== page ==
If you are looking to build a family, CT Fertility has several options that are available for you to consider during your family journey.
Lesbian pregnancies are common today. While becoming a parent is important to most adults, lesbian parenting involves special concerns such as finding a sperm donor and determining which partner (or both) will experience the pregnancy and childbirth.
For lesbian couples, egg donation is a key consideration, especially if the older of the two women wants to carry the pregnancy. The egg donor may be the younger woman (genetic mother) and her partner is the birth mother (egg recipient).
If you have irregular ovulation, your doctor may prescribe fertility drugs to stimulate ovulation. Fertility drugs increase the number of eggs released by the ovaries each cycle. The downside of fertility drugs include a greater risk of multiple pregnancies and other complications.
Lastly, always check with an attorney for the laws in your state regarding both egg and sperm donation.
Cost of Artificial Insemination with Donor Sperm
Pricing for IUI ranges from $2,000–$3,000 depending on your unique treatment plan plus the cost of medication (not including the cost of donor sperm) and most women will require anywhere from 3–6 inseminations on average before they are successful. The price, however, varies considerably from clinic to clinic. Typically one vial of donor sperm from a sperm bank cost $800–$900 per vial of sperm. Most couples will use 1–2 vials of donor sperm per month depending upon what your doctor recommends.
In vitro fertilization (IVF)
Within vitro fertilization (IVF), fertilization of your egg using donor sperm happens in the laboratory rather than in your body. In general, pregnancy rates per cycle are higher for IVF when compared to IUI. Pregnancy rates decline rapidly in the 40s, even using procedures such as IVF. This is why lesbian pregnancies conceived with the aid of an egg donor and a sperm donor are more common today.
To get set on the path for pregnancy, it’s important to be in optimal health. A healthy mother helps reduce risks during pregnancy and increases the chances of a healthy baby. Here are some tips for a healthy pregnancy:
- Take a daily vitamin supplement containing at least 400 micrograms of folic acid at least 3 months before you try to get pregnant.
- If you are overweight, lose weight before you get pregnant to lower the chance of problems that can affect mother and baby.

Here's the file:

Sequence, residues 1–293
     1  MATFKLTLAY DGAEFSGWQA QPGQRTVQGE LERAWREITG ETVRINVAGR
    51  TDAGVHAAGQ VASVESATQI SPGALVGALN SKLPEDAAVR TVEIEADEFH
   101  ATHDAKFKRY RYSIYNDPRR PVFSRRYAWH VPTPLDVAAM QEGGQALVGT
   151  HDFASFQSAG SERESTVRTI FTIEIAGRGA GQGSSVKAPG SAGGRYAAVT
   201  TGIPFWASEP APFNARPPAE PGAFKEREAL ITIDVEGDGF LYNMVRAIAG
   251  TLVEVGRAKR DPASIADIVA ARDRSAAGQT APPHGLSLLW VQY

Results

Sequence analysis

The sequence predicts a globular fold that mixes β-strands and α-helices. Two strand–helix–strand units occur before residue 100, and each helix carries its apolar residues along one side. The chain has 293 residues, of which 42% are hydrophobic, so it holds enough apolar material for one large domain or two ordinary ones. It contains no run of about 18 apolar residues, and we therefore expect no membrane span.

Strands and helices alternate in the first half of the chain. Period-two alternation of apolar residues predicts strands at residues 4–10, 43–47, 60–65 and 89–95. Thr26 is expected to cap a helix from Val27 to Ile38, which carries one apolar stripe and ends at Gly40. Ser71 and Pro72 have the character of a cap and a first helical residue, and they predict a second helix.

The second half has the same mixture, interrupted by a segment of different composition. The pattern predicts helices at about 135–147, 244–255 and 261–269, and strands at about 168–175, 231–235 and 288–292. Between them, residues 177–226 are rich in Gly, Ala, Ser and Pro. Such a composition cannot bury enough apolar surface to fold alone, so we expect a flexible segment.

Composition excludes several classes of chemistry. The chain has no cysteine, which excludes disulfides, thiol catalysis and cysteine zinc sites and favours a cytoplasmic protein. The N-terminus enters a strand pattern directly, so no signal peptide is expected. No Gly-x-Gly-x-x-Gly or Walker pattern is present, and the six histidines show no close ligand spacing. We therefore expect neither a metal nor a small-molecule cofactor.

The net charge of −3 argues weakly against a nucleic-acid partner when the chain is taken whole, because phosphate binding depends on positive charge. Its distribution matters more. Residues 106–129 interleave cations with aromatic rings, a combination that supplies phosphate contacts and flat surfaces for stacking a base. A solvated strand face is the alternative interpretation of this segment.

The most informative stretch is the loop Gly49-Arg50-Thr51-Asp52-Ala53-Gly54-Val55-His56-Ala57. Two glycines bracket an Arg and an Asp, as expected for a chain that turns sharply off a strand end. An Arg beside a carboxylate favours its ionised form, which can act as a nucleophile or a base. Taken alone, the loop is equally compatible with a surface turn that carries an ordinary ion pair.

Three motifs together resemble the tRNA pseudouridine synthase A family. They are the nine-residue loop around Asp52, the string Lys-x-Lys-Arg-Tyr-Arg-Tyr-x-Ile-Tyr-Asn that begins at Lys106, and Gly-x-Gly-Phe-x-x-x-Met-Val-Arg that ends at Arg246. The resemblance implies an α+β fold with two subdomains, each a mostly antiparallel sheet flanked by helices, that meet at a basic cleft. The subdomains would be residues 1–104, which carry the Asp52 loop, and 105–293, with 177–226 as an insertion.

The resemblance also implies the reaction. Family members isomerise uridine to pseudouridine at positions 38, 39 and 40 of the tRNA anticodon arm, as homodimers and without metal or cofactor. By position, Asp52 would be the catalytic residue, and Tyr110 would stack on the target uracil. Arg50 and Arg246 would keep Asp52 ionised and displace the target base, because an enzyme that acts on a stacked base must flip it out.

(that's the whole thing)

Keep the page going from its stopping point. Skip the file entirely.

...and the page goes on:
- If you are underweight, try to gain a few pounds before pregnancy. The extra weight may help regulate irregular menstrual periods, making it easier for you to conceive.
- Talk with a nutritionist about your diet to see if you are getting all the necessary nutrients and adequate protein, carbohydrates, and fat.
- If you smoke, stop! Also avoid second-hand smoke, as this can hinder pregnancy.
- If you are taking prescription drugs, talk with your doctor. Ask if you need to stop the drug or switch medications prior to pregnancy.
Along with a review of your medical history, pre-pregnancy testing involves many tests including the following:
- Tests for sexually transmitted infections (STIs)
- Lab for blood type
- Physical examination and pap test
- Test of your “ovarian reserve” (a blood test is done on day 2 or 3 of your cycle to measure levels of the hormones FSH and estradiol)
- Basic hormonal tests for TSH and prolactin
- Hormonal tests for women with absent or irregular periods.
Types of insemination
For a lesbian pregnancy, you’ll need to undergo artificial insemination using donor sperm. Here are the types of insemination used today:
- Intra-cervical insemination (ICI). This involves placing semen directly in the outer part of the cervix as would happen with natural intercourse. With the use of cryopreserved semen, there are lower pregnancy rates with donor insemination.
- Intra-uterine insemination (IUI). This type of insemination involves injecting washed sperm directly into the uterus. It’s thought that IUI gives the sperm a “head start” a reaching the egg, and pregnancy rates with IUI are much higher than with ICI.
Timing of insemination
The timing of the insemination is based on the detection of ovulation. Usually within 24–36 hours after the LH surge is detected, or after the “trigger” injection of hCG is administered. Ovulation is predicted by a urine test kit or blood test and ultrasound.
For the procedure itself, you will lie down on a gynecological table, similar to the ones used for your yearly exam. A catheter—a small, thin tube—will be placed in your cervix.
You may have some mild cramping, similar to what you might feel during a pap smear. The specially washed semen will then be transferred into your uterus via the catheter.
The catheter is removed, and you’re done! Your doctor may suggest you remain lying horizontally for a short while after the procedure, or you may be able to get up right away. In either case, you don’t need to worry about the sperm falling out when you stand up.
The sperm are transferred directly into your uterus.
Assisted Reproductive Technology (ART)
Most women start the insemination process using their natural menstrual cycle. The pregnancy rates per cycle can be as high as 20–30 percent but these rates decline in older women. While younger women usually get pregnant after 3–6 insemination cycles, older women may have trouble conceiving and should see a Reproductive Endocrinologist.
For further information please call our offices at 914-251-4151 or email email@example.com.